Author Topic: hawes western marshall  (Read 4132 times)

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Offline Illhunter

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hawes western marshall
« on: November 20, 2007, 11:15:31 am »
i saw one of these today it was part of an estate that had come in it is a 44 mag i thought it looked good but will it be a useable, functional, and accurate gun i was thinking of trying to make a trade and get it as a back up for muzzleloader or a pistol to hunt with for deer any thoughts would be appreciated.


Terry   

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hawes western marshall
« on: November 20, 2007, 11:15:31 am »
 

Offline John Traveler

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Re: hawes western marshall
« Reply #1 on: November 20, 2007, 03:41:42 pm »
Ref your Hawes Western Marshall .44 magnum revolver, see the thread on J. P. Sauer and Sohn revolvers a couple weeks ago.

Your revolver was manufactured by J.P. Sauer and Sohn in West Germany and imported by Los Angeles importer Hawes in the early thru late 1970's.  The Western Marshal model was blued, with polished brass grip frame and dark (rosewood?) wood grip panels.  It is a cosmetically similar copy, but not dimensionally identical, to the Colt SAA.  The cylinder is larger diameter, and a frame-mounted firing pin handles the high pressure .44 Magnum cartridge.  .22 rimfire models had diecast zinc alloy barrels and cylinders lined with steel tubing.  Your gun was one of a series of models designed to be moderately priced and have cosmetic appeal to the western/sixgun fan: Silver City Marshall (nickel plated with faux pearl grips), Western Marshall, etc.  They were called "the poor man's commemoratives" by gun magazine writers.

It should be an adequate six-gun for light or moderate duty use.   In my experience after shooting, owning, and repairing several of this model in .44 Mag, .45 Colt and .357 Mag calibers, it will not hold up to heavy duty use or extensive shooting.  Problems encountered include: cylinder endshake and excessive barrel/cylinder gap, trigger/hammer sear wears out, ratchet/pawl wear, peening of the frame mounted firing pin, front sight looseness, action and grip screws loosening, and ejector housing screw strips out.  Many of these "faults" are characteristic of the original Colt design, but in this model, many of the problems can be attributed to metallurgy and quality control issues.

If the price is right, and it is in good condition, it is a good buy as long as you understand it's limitations.

HTH
John
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Offline 44 Man

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Re: hawes western marshall
« Reply #2 on: November 20, 2007, 03:49:38 pm »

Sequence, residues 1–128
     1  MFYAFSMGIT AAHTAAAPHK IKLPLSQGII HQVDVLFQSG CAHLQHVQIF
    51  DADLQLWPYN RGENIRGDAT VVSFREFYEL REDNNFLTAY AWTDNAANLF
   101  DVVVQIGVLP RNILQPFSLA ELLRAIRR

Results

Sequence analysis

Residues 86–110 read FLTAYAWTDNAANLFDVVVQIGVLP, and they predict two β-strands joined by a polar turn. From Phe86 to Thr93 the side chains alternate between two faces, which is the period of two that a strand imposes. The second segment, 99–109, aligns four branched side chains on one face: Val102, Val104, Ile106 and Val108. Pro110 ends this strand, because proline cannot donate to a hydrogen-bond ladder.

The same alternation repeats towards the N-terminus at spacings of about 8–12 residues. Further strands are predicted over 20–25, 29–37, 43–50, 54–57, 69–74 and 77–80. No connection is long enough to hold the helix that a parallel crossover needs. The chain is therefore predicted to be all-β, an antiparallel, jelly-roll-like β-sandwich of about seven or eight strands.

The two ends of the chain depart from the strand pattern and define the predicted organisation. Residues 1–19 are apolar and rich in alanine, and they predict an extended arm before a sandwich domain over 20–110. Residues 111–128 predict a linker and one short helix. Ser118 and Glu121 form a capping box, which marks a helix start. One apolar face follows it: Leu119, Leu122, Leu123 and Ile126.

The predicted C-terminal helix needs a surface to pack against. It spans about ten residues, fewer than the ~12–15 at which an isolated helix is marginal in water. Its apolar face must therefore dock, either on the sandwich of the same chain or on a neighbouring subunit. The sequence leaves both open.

These were built by J.P. Sauer and Shon in the 60's as a fixed sight alternative to the Ruger.  You may not have heard of that company but eventual they became SIG-Sauer, then just SIG.  They were deciently built guns but getting parts is difficult now although most any gunsmith competent with single actions can easily adapt parts to work.  I have one of the .22 versions built by them.  It had a broken bolt when I received it but it was only a few minutes to adapt a Uberti bolt to fit.  I would not invest over $250 in one.  Any more than that and you could buy a used Ruger.  If I owned one of them, I would work up a heavy 44 spl/light 44 mag load for it.  Something with a 240/250 gr cast bullet at around a 1000/1100 fps.  I would then file the sights to shoot with that load and enjoy it.  44 Man
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Offline Illhunter

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Re: hawes western marshall
« Reply #3 on: November 20, 2007, 06:42:52 pm »
ok i was looking and saw this pistol but the same place has uberti's in 357 and 45 colt which is a bit more than the 357 along with the hawes i want it to use for back up for muzzleloader and possible deer hunting with so which would be better there is about $11 dollars difference between the uberti in 357 and the hawes. Another factor to consider is i don't handload at this time so any thoughts would be appreciated the cost right now is $289 or $300 one is used the other is new.


Terry   

Offline John Traveler

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Re: hawes western marshall
« Reply #4 on: November 20, 2007, 07:58:37 pm »
I would go with the Uberti in either .357 or .45 Colt.  The manufacturer is well established as a quality maker of SAA type revolvers as well as lever actions and single shots with the old western flavor.  Parts and support are easy to find.  Uberti is favored brand among Cowboy Action shooters.

I have a pair of 25 year old Uberti M1875 Remington "Outlaw" revolvers in .45 Colt that I've shot the hell out of.  They have literally digested several thousands of standard velocity rounds each, and are still as tight and in time as they were when new.
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Offline Illhunter

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Re: hawes western marshall
« Reply #5 on: November 20, 2007, 08:39:46 pm »
ok well i will look at the uberti's some more i like them but just looking for opinions i did hold the 45 colt will check out the 357 this week if i can.

Terry

 

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